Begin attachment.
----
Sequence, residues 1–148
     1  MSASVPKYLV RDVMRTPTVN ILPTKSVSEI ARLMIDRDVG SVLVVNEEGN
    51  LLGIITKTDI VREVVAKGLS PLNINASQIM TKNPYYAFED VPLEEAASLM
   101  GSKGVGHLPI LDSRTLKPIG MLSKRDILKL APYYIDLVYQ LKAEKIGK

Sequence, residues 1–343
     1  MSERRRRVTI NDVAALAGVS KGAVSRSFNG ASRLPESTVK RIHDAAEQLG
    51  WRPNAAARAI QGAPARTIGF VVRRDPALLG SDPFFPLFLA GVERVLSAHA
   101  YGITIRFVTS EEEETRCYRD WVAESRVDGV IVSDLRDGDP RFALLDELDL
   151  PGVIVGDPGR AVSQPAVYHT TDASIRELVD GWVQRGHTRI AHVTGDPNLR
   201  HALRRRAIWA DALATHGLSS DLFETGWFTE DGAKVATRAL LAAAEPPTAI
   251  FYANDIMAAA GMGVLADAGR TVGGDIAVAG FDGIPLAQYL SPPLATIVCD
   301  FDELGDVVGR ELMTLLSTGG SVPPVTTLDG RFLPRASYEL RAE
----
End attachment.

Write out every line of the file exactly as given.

Sequence, residues 1–148
     1  MSASVPKYLV RDVMRTPTVN ILPTKSVSEI ARLMIDRDVG SVLVVNEEGN
    51  LLGIITKTDI VREVVAKGLS PLNINASQIM TKNPYYAFED VPLEEAASLM
   101  GSKGVGHLPI LDSRTLKPIG MLSKRDILKL APYYIDLVYQ LKAEKIGK

Sequence, residues 1–343
     1  MSERRRRVTI NDVAALAGVS KGAVSRSFNG ASRLPESTVK RIHDAAEQLG
    51  WRPNAAARAI QGAPARTIGF VVRRDPALLG SDPFFPLFLA GVERVLSAHA
   101  YGITIRFVTS EEEETRCYRD WVAESRVDGV IVSDLRDGDP RFALLDELDL
   151  PGVIVGDPGR AVSQPAVYHT TDASIRELVD GWVQRGHTRI AHVTGDPNLR
   201  HALRRRAIWA DALATHGLSS DLFETGWFTE DGAKVATRAL LAAAEPPTAI
   251  FYANDIMAAA GMGVLADAGR TVGGDIAVAG FDGIPLAQYL SPPLATIVCD
   301  FDELGDVVGR ELMTLLSTGG SVPPVTTLDG RFLPRASYEL RAE